Much of the focus so far this season has focused around some of the great surprise players, and with good reason.
While much of the attention is on these guys and a few others, there are some players that are having great starts to the league that many fantasy hockey general managers aren’t paying as much attention to.
Below are 10 players whose great start to the season may be lost in some of the hype of fellow league mates.
Honourable mention: Patrice Bergeron
I’m listing Bergeron as an honourable mention because it seems like he isn’t getting his due. Most people are talking about the Bruins’ top line as a whole, or just about David Pastrnak leading the league in goals with 16. However, going into last night’s action, Bergeron led the league in points. Truthfully, no one should be that surprised. He was a point-per-game producer last year, but missed 20 games due to injury. If people were projecting 80-plus points for his linemates, it would only make sense Bergeron would rack up the points as well. Leading the league in points is the shocking part.
10. David Krejci
While much of the focus has been on the Bruins’ top line, lost in the shuffle is the hot start of Krejci, who has 15 points in his first 17 games. This is not new territory for Krejci, who had 17 in his first 21 games a year ago. A lot of his underlying numbers suggest this year’s start can’t last (a decrease in shots-per-game, shooting percentage, offensive zone starts and 5-on-5 shooting percentage) but enjoy the ride while it lasts.
9. Zach Parise
Parise was under the radar because of his age (34), his injury history (too numerous to list) and the fact he had just 24 points in 42 games last year. Just remember that a season ago, he had 17 points in his final 21 games despite having just two power-play points. This year he’s pretty much kept up that pace, with 16 points in 17 games but only four power-play points. His ice time is 80 seconds higher over last year (up to 18:21 this year), and as long as he stays healthy, you can peg him in for at least 65 points.
Here we are again with Pominville. When he plays with elite talent, he puts up points. When he doesn’t play with elite talent, he doesn’t get points. It’s that simple. He has 15 points in 17 games, thanks mostly to Jack Eichel as Eichel has picked up a point on 10 of Pominville’s points. With little in the way of power-play time, Pominville is one of those guys you pick up when he’s hot and drop as soon as he’s away from Eichel.
7. Tomas Tatar
Four seasons ago, Tatar was a 23-year-old, 56-point player with big upside. Going into this season, he was fantasy irrelevant and considered a risk to even get to 40 points, especially on a Habs team many projected would have trouble scoring. Tatar has fit right into the Habs’ new system, posting 15 points in 17 games (a 72-point pace). He could actually be doing better if the team had a better power play. Despite being on the top unit, he has just two power-play points.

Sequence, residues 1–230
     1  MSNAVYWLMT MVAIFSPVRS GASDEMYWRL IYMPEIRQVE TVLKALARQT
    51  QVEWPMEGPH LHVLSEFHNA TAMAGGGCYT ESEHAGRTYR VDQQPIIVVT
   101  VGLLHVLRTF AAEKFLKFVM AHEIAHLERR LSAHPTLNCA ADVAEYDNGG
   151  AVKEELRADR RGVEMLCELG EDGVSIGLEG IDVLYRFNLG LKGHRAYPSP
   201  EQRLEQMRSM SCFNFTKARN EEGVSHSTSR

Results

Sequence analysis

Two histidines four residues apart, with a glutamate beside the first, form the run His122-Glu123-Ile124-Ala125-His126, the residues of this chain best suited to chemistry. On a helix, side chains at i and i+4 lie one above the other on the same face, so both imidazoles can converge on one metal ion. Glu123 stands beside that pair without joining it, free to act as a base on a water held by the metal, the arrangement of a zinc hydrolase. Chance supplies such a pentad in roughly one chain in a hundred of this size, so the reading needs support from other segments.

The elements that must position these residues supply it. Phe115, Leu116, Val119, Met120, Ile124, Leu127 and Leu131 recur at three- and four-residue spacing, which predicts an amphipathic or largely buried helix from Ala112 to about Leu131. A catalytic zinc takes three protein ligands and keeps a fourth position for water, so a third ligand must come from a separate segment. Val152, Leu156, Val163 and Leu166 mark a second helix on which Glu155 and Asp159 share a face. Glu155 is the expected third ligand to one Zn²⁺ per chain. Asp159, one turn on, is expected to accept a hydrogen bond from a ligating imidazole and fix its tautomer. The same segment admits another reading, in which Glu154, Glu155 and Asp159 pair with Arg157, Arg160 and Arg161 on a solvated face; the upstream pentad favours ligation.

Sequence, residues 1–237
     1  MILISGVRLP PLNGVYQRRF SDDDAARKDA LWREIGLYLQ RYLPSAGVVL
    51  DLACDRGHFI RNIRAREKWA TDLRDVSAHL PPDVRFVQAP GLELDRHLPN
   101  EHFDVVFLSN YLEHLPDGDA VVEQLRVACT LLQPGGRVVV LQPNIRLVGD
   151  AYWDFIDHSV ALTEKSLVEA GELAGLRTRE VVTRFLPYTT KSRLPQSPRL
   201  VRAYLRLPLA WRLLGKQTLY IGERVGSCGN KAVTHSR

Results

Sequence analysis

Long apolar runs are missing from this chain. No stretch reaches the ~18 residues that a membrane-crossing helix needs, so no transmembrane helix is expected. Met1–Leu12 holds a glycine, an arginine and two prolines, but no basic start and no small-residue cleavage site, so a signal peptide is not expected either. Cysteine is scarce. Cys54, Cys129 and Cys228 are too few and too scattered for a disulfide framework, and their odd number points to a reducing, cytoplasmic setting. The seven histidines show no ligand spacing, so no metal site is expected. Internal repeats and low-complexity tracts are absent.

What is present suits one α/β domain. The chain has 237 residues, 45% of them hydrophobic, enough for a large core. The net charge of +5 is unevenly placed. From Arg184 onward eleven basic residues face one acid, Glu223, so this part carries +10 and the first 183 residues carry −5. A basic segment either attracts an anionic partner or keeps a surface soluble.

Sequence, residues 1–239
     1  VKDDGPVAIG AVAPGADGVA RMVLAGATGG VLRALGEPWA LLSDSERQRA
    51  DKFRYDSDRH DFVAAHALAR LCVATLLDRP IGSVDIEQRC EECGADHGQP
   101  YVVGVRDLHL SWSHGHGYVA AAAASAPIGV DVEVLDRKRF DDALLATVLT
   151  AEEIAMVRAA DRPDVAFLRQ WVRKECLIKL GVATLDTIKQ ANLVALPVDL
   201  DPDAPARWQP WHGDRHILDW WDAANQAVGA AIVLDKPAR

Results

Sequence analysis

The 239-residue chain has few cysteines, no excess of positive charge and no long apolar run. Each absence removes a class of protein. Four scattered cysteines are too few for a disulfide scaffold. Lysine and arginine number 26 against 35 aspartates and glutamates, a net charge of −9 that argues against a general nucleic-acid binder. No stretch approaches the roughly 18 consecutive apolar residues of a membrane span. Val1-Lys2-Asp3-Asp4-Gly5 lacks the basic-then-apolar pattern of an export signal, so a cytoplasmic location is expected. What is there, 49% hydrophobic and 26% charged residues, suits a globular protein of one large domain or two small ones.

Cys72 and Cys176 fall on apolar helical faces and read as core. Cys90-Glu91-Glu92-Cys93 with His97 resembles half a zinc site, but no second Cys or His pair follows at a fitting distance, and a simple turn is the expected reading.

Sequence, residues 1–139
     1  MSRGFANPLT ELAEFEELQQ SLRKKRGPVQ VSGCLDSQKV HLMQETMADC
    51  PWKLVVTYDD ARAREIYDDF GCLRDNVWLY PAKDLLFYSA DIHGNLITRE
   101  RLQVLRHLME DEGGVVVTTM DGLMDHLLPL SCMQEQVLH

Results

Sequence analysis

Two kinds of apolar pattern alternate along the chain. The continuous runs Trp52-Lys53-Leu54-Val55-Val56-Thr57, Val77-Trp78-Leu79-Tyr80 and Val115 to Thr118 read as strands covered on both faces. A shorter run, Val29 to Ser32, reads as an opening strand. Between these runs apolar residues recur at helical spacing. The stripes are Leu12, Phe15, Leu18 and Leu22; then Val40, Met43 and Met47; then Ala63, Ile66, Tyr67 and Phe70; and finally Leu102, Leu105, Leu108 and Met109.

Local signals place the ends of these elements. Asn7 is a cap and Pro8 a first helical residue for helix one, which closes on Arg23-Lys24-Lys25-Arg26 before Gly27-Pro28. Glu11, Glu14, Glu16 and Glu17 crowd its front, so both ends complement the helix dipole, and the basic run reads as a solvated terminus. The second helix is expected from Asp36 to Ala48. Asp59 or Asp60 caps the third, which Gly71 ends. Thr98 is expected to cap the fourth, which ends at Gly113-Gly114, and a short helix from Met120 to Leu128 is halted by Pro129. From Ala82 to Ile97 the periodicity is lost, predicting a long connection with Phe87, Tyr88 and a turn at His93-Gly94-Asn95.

Much ink has been spilled about the great starts of some of his teammates, but Tierney’s start is being somewhat overlooked. He’s been helped by the fact Jean-Gabriel Pageau has been out with an injury since the start of training camp, meaning Tierney’s role as the second-line centre is solidified. A little surprisingly, he’s having a good season without scoring goals. Just two goals so far on 5.7 shooting percentage. For his career, he averaged 11.6 shooting percentage going into this year and was as high as 14.4 per cent last year.
5. Dylan Larkin
There’s not much fantasy relevance with the Red Wings these days, but the 22-year-old Larkin is taking that next step to becoming fantasy elite. With 17 points in 17 games, Larkin is on pace for 82 points. However, for whatever weird reason, Larkin is not being used on the Wings top power-play unit, and it shows with just three power-play points. Until he moves up onto that top unit, it’s hard to imagine he’ll be anything more than a 60-point guy.
4. Josh Bailey
This easily could have been Anders Lee in this spot, but I went with Bailey simply because he has three more points than his Islander teammate. Regardless, many expected both Islanders to struggle with the loss of John Tavares. At 17 points in 16 games, Bailey has easily surpassed expectations so far. Bailey looks to have a good shot at matching last year’s total of 78 points. It helps that he is on the top power-play unit, where he has picked up seven points so far.
We’ve been waiting for a breakout season from Zibanejad for years, but many fantasy general managers would be forgiven if they had given up hope. He’s never really proven to be anything more than a 50-point player, and that’s only when everything goes right and he stays healthy. This year he has 15 points in 17 games and is on pace for 72 points. He’s averaging 20:30 per game (2:30 more than he’s ever had) and is on the top power-play unit.
O’Reilly finishing with 55-65 points was something you could always count on, but this year he is on pace to almost double that. With 21 points in 15 games, he’s on pace for 115 points. Sixteen of those points have come in the last nine games. He’s found excellent chemistry with Vladimir Tarasenko and is on the Blues’ top power-play unit, which is the fourth highest in the league after being second worst a year ago. Maybe even more amazing, he’s a plus-player, something he hasn’t done since his rookie season in 2009-10 when he was a plus-four.
Lost in all the talk about young defensemen like Morgan Rielly and Thomas Chabot is that no one seems to be talking about the 35-year-old Giordano. With 16 points in 18 games, Giordano is fifth in the league for points by a defenseman. While his time on ice is slightly below last year, he’s averaging almost four minutes on the power play and is routinely playing at even strength with Calgary’s top guns.
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